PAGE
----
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Whitehaven Harbour
Whitehaven, Cumbria
Whitehaven Harbour
associated engineer
Robert Storey
Richard Caton
Sir John Rennie
William Chapman
Sir James William Brunlees
date  1634 onwards
era  Stuart  |  category  Harbour  |  reference  NX970184
ICE reference number  HEW 966
photo  Paul Dunkerley / ICE R&D Fund
Whitehaven Harbour was first used by the Romans. Located in a northwest-facing bay on the Cumbrian coast, it includes a quay, two piers, a breakwater and a lighthouse. Many of Britain's principal engineers have contributed to the habour in the years since its construction.
The oldest surviving structure in the dock complex is Robert Storey's Old Quay, built in 1634. This was extended between 1665 and 1681 by Richard Caton. Storey's 17th century pier is situated at the northwest end of the original moorings, running northeast to create the original South Harbour. The pier was built to facilitate the coal and salt trade undertaken by Sir Christopher Lowther, then owner of the harbour and surrounding land. The pier was extended in 1665 and 1681-7, again by Richard Caton.
The early 18th century saw multiple developments to the harbour and the surrounding town, and these were overseen by Sir John Lowther. A breakwater was constructed in 1710-13, as part of a scheme to enclose the inner harbour. In honour of its patron, the breakwater became known as 'Mr Lowther's Bulwark'.
Other developments included the building of a lighthouse (now disused), 11.6m high and 3.2m diameter at the end of the Old Quay in 1710-21. The Sugar (Old) Tongue pier was built in 1733-35 and the Old New Quay constructed to provide an outer breakwater in 1739-42. The Lime (New) Tongue pier was built in 1754 to the north of Sugar Tongue to create Custom House Dock.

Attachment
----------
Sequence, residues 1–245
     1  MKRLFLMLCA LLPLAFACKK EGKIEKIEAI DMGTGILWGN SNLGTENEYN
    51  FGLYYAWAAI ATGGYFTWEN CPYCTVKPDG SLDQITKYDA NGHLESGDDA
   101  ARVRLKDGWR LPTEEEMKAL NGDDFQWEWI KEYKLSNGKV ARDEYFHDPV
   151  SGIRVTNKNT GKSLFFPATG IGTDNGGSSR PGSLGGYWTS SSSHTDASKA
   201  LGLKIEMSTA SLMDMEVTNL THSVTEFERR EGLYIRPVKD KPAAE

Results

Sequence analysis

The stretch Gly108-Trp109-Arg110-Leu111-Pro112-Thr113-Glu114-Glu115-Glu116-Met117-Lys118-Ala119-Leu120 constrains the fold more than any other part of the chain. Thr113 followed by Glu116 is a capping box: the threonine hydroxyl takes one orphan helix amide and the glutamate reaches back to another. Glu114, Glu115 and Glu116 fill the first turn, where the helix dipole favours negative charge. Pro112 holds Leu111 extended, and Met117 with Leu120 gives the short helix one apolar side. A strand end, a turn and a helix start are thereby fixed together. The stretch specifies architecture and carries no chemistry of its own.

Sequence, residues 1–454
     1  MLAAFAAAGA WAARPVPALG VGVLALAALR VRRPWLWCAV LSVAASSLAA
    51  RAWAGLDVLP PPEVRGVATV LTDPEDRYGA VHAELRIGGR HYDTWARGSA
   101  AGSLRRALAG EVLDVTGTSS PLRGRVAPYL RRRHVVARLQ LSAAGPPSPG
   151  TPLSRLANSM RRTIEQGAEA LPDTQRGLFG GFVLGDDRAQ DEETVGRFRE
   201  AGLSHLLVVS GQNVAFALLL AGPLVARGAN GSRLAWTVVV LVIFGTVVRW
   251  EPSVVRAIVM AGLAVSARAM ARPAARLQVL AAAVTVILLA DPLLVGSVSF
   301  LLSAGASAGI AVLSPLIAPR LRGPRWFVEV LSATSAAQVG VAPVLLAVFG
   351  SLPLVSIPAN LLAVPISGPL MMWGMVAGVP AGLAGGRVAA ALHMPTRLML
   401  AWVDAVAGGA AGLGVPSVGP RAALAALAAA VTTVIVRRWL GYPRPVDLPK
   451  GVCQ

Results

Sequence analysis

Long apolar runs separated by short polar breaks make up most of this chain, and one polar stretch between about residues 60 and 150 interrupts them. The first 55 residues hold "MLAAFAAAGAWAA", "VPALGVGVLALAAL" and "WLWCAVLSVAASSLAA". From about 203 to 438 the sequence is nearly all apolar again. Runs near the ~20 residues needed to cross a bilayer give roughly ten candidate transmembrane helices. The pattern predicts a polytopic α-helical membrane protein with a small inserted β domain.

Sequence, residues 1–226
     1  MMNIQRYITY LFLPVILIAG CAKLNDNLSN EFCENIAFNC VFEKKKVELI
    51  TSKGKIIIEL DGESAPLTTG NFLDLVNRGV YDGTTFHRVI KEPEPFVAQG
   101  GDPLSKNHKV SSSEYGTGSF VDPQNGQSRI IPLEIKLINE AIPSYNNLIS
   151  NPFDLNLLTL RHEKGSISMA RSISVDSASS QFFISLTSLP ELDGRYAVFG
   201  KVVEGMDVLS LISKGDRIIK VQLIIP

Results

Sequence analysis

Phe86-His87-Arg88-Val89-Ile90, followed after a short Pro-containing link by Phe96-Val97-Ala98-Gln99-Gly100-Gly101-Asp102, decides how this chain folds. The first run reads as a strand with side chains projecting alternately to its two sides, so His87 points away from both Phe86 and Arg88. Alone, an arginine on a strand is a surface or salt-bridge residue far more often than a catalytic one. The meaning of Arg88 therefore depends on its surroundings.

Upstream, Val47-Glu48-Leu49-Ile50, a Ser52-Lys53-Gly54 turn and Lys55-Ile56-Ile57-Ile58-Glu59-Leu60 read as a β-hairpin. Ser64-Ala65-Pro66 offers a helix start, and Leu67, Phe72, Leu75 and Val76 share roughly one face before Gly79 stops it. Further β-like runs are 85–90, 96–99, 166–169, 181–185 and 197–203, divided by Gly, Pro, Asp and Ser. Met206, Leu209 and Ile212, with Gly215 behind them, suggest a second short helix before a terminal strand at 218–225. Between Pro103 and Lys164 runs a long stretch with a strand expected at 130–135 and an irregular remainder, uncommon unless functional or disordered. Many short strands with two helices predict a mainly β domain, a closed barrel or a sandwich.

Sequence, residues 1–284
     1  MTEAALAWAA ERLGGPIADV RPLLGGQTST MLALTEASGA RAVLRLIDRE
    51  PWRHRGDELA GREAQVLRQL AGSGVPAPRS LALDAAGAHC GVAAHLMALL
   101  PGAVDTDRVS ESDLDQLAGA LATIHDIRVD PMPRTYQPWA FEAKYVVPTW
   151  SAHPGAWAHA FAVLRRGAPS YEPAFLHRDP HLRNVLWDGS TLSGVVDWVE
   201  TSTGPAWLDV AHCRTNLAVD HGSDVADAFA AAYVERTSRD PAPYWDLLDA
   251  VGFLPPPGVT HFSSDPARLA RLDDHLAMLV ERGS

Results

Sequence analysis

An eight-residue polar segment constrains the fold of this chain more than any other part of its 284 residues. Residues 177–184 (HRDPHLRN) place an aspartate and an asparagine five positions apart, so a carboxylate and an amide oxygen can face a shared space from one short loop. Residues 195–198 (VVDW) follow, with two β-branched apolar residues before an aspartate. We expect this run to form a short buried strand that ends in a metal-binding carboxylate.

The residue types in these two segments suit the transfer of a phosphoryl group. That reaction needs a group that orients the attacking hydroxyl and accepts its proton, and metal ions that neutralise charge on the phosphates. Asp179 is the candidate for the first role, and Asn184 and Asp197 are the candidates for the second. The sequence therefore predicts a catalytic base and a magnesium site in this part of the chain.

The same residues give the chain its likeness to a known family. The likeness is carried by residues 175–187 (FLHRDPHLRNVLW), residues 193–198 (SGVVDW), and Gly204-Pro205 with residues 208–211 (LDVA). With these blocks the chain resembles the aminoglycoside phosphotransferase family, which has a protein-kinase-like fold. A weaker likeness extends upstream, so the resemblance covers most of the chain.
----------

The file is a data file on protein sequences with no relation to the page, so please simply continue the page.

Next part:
These developments to Whitehaven Harbour all serviced trade with America and the West Indies, which ceased abruptly after the Declaration of American Independence (1776). However, colliery trade soon took over, and the Old North Wall pier, recommended by John Smeaton in 1768, was built in 1785. Old North Wall pier was extended at an angle in 1804, the Bulwark also being extended to create North Harbour.
Extensive modification to the piers took place between 1804 and 1823 following proposals by Captain John Huddert. Both John Rennie and William Chapman were involved in proposals for further improvements during this time, and two of Rennie's designs were implemented — the West pier built by Fox between 1824-1830, and the North pier completed by David Logan in 1833-1841. Logan later redesigned the pier's roundhead.
The most recent improvement, the gated Queen's Dock, was designed by Sir James Brunlees and construction begun by Joseph Phillips in 1872, to be finished by Parry, Kirk and Knight in 1876.
Coal exports from Whitehaven peaked in 1928. The harbour is now almost entirely unused, apart from pleasure craft.
Research: PD and AJD
bibliography
"Whitehaven Harbour" by B. Scott Hindson
Phillimore, Chichester, 1994
"Some Harbour Works in West Cumberland Before 1710" by B. Tyson
Transactions of the Ancient Monuments Society, 1985, NS29, pp. 173-208
reference sources   CEH North
Location

Whitehaven Harbour